The afternoon tea at the Fairmont Empress hotel in Victoria is so iconic that I knew I’d be walking into a tourist trap. But I didn’t want to let John Travolta, Shirley Temple, and Mel Gibson (past Empress afternoon tea guests) one-up me in my own home province, so I agreed to join my sister and her Toronto friends there one sunny afternoon.
My iPhone died right before our reservation so I had to rely on everyone else for photos. However, the hotel concierge was gracious enough to charge it for me during our tea which was incredibly nice since I wasn’t staying there. Then again, I was paying $59.95 for the afternoon tea…
Yes, you read correctly. $59.95. So it should have been damn near perfect. Unfortunately, the experience was completely underwhelming.
The sounds of a live piano greeted our entrance to the elegant tea lobby. Despite it being an average early summer afternoon, it was quite warm in the room. Not sure if any air conditioning was available but if there isn’t, I can’t imagine what it’d be like during a heat wave.
Our server was an older bespectacled Chinese gentleman — who was in a rushed mood throughout our service. The room was not full and we were the last sitting of the afternoon so it certainly did not appear that he was swamped. It dampened the entire experience in several ways.
This was supposed to be one of the highlights for the girls who were visiting from out of town, and they wanted to learn more about the tradition of afternoon tea. But he barely stopped to acknowledge their questions, much less answer them appropriately.
He asked if anyone wanted sugar and milk/cream with our tea, which is a standard question of course. But being newbies to the Empress afternoon tea, we were all quite startled when he furiously began adding the sugar/milk/cream directly to our cups without warning or asking about quantities (ie, “how much sugar?”)… Is this a traditional part of afternoon tea? No idea, see above paragraph.
He also did not keep track of our tea orders so refilled the wrong cups when he speed-walked around our table. Overall, the service was awkward and uncomfortable which made it difficult to fully enjoy this $59.95 experience.
Before you think I’m a whiny, high-maintenance customer, let us move on to the tea and the food, shall we?
Most of us chose the Empress blend tea, created exclusively for the Fairmont Empress by the Metropolitan Tea Company. Billed as a blend of full bodied, malty Assam, floral Kenyan, fruity and sprightly South Indian, airy Ceylon, and light oaky Chinese notes, the tea was honestly just bland.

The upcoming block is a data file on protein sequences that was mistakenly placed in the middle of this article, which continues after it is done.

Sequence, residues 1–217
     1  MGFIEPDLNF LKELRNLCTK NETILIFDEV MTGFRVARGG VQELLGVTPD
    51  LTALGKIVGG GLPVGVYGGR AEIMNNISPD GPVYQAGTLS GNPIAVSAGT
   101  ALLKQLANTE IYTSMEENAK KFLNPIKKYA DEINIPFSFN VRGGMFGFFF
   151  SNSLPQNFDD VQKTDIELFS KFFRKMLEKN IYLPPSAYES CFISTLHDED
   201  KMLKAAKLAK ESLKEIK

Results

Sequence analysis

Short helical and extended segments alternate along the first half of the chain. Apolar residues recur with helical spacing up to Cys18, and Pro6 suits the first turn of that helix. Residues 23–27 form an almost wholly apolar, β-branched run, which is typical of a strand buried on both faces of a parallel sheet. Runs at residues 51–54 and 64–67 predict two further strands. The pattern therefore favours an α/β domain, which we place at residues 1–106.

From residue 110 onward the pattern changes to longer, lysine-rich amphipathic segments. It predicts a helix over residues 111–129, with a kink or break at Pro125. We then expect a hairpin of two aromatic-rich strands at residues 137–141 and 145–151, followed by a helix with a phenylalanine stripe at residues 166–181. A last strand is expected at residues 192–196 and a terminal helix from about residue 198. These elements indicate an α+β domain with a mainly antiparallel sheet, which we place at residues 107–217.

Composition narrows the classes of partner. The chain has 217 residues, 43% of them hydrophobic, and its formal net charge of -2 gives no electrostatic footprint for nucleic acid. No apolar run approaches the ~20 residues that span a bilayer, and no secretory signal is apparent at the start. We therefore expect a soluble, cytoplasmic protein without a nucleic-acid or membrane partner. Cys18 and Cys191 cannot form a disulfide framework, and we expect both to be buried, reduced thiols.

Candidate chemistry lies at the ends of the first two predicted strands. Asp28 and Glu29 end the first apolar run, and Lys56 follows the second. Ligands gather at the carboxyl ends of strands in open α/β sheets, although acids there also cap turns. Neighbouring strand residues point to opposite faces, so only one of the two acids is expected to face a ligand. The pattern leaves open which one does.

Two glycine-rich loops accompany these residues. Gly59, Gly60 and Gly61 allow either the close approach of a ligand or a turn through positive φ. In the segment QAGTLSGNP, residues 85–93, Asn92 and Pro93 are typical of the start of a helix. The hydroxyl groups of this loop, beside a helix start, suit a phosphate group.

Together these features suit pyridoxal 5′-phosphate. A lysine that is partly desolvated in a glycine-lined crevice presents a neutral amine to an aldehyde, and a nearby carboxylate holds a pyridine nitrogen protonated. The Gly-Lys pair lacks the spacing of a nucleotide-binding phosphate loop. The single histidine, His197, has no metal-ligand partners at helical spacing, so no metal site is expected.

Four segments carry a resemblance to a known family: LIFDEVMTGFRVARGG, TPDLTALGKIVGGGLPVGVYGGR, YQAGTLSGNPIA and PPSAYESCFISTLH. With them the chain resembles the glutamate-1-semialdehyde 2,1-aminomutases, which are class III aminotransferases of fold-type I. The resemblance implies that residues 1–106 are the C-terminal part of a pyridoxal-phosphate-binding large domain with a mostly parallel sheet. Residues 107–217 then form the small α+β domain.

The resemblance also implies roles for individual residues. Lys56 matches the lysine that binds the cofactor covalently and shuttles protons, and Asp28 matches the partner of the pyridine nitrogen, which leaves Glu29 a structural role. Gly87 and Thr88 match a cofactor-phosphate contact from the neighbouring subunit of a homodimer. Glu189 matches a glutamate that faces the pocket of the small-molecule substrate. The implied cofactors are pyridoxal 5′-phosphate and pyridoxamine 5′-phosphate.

A starter of fresh strawberries and cream was followed by three tiers of pastries and baked goods. The bottom sandwich tier:
- Smoked salmon pinwheel: the best of the savouries mainly because it was inoffensive.
- Mango and curried chicken: Tasted just plain weird. The flavours somehow did not mesh.
- Sundried tomato tapenade on crostini: Also weird in terms of texture and no flavour.
- Ham and cucumber with tarragon mayo: Forgettable.
- Free range egg salad croissant: It was OK.
The rare bright spot came on the middle tier. The freshly baked raisin scones were soft and lovely, especially paired with strawberry jam that came in cute little pots and the clotted cream.
The top dessert level turned out to disappoint. A pretty looking chocolate and pistachio battenburg cake was just too gooey and sweet for our tastes. Granted, I hate marzipan so this one wasn’t going anywhere with me anyway. A sable breton and pear cheesecake was again bland.
Getting a passing grade were the lemon curd tartlet, chocolate shortbread and macarons.
I really wanted to love this experience but there were just too many disappointments, especially at that cost. Let’s just cross this one off the foodie bucket list and move on.
Fairmont Empress afternoon tea, 721 Government St., Victoria, B.C. 1-866-540-4429.
Dress code in effect (casual elegant: “no torn/ripped jeans, short shorts, beach wear, flip flops or baseball caps”). Reservations recommended. Afternoon tea is $59.95 CAD from May 1, 2012 to September 30, 2012 and $47.95 in the off season (Jan. 1-April 30, 2012 & Oct. 1-Dec. 31, 2012).